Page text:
Trump-aligned America First' holdouts won't support GOP's backing of Ukraine

As Russia continues to bomb Ukraine, the far-right wing in the Republican Party is fighting the traditional majority.

Trump-aligned America First' holdouts won't support GOP's backing of Ukraine

They are a minority within their party and their country. Republican holdouts in an ever-widening consensus about the grave threat Russia's invasion of Ukraine poses to American interests.

The Republican Party's far right wing is tightly tied to Donald Trump and works to push the GOP towards the isolationism of "America First", which underpinned his 2016 presidential campaign.

His party is now pushing back for the first time since Trump's rise.

This was evident from Thursday's House vote on a bill to end normal trade relations between Russia and Ukraine as punishment for the attack on Ukraine. In voting for the Biden administration's ability to increase tariffs on Russia, which was rare in this era of intense polarization, 202 Republicans and 222 Democrats voted together.

Eight Republicans voted against it, including Trump loyalists such as Marjorie Taylor Greene from Georgia. Greene delivered a concise summary of the America First argument in a speech Thursday on the House Floor. This was despite growing sympathy for the suffering of the Ukrainians. After objecting to all the attention being paid to the war, Greene stated that the only thing that "real Americans care about" is gas prices. She also mentioned inflation and security at the southern border.

Rep. Lauren Boebert, a Colorado Republican, echoed that sentiment and explained her vote. "Congress keeps focus on distractions abroad, not our own challenges caused by Joe Biden at Home."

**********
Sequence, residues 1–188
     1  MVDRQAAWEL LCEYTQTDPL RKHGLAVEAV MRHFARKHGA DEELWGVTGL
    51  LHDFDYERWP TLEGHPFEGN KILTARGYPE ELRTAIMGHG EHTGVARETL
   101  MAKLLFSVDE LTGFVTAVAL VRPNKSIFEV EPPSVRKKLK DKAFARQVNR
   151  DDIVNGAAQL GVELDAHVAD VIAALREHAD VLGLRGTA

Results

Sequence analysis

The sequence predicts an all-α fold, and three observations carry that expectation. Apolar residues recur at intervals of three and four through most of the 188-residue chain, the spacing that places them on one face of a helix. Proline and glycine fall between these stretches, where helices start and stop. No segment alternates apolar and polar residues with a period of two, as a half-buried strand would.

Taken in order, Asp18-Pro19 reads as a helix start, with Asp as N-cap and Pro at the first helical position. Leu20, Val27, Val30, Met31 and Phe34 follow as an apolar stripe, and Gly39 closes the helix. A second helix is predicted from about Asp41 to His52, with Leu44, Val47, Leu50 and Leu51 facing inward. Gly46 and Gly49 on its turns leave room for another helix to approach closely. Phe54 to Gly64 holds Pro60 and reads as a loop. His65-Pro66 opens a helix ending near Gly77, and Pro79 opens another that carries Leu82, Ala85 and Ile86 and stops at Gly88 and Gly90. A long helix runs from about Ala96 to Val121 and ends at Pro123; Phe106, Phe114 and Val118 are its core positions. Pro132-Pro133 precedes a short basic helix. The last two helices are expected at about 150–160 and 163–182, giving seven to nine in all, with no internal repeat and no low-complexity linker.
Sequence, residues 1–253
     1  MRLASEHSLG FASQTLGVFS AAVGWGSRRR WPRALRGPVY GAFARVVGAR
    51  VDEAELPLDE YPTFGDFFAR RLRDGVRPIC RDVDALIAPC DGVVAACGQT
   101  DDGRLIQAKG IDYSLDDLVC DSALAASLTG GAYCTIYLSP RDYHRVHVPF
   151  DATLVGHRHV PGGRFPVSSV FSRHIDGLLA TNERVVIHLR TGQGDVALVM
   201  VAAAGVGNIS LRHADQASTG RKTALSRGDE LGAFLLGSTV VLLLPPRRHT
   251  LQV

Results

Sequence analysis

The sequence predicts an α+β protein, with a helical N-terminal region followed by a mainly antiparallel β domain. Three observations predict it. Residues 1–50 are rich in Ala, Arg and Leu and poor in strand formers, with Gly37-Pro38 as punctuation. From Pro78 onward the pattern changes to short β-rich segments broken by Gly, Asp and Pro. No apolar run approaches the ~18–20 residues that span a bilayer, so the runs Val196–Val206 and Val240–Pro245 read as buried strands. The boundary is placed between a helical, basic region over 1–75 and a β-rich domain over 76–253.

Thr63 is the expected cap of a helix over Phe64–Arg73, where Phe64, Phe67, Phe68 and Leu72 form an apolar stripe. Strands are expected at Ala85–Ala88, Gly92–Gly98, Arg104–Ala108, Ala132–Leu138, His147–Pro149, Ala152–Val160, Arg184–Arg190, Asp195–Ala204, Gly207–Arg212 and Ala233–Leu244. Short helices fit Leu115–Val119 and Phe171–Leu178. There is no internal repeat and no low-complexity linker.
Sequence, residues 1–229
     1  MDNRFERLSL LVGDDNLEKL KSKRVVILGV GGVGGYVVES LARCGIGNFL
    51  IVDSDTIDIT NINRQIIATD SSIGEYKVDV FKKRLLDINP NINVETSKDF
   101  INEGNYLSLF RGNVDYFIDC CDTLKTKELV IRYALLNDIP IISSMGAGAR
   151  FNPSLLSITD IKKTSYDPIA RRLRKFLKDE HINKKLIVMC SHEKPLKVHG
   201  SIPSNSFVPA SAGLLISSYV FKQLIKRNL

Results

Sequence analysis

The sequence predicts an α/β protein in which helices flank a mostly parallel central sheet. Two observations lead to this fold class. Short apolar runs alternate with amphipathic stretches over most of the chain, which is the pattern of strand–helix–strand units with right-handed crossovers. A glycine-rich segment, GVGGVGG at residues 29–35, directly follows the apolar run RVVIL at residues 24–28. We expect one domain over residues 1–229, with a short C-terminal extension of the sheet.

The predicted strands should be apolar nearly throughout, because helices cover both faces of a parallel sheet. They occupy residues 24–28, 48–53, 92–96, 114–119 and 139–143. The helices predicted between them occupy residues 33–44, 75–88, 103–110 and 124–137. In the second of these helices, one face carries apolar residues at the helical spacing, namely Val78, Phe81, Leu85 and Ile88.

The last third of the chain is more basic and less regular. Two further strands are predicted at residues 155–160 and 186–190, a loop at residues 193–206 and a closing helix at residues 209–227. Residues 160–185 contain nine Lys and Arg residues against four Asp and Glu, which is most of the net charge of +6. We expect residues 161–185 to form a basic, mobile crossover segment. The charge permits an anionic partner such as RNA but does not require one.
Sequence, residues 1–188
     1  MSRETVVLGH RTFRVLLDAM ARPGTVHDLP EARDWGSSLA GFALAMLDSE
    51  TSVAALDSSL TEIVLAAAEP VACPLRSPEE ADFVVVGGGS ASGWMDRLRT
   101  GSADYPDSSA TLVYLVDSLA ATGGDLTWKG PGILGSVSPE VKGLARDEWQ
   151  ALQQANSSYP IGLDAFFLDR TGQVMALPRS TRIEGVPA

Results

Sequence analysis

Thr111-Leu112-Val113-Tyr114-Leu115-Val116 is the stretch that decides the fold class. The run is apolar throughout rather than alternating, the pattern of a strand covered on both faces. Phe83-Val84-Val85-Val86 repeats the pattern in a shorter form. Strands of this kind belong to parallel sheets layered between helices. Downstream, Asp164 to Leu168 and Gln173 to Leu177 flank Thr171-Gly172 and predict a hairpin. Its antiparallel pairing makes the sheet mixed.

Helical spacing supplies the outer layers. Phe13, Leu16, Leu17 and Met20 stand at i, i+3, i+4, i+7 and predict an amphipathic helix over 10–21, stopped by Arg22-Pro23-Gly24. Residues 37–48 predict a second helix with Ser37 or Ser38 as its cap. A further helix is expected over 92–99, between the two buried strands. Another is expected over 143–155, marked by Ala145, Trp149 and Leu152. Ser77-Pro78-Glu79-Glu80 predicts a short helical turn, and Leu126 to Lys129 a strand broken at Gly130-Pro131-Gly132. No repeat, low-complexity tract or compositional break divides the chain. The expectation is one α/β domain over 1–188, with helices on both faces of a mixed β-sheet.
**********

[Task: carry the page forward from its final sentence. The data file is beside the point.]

Boebert and Greene are both part of a loose group of conservative lawmakers, pundits, and foreign policy thinkers who see the war as secondary to the so-called pocketbook concerns that are important to families. Some of these conservatives argue that GOP leaders are returning to Bush-era neoconservative positions, which enmeshed America in "unwinnable" wars.

J.D. Vance, a Republican Senate Candidate in Ohio, spoke to NBC News.

He said, "Our voters don't want us to give up American blood and treasure in Ukraine." They want us to care for our own people first."

According to polling, the contrary is true. Surveys suggest that Americans are willing to make financial sacrifices in order to help Ukraine defend its sovereignty. Polls show that Americans are deeply involved in the coverage of the conflict and are inspired by Volodymyr Zelenskyy, the Ukrainian president who fought against the Russian siege.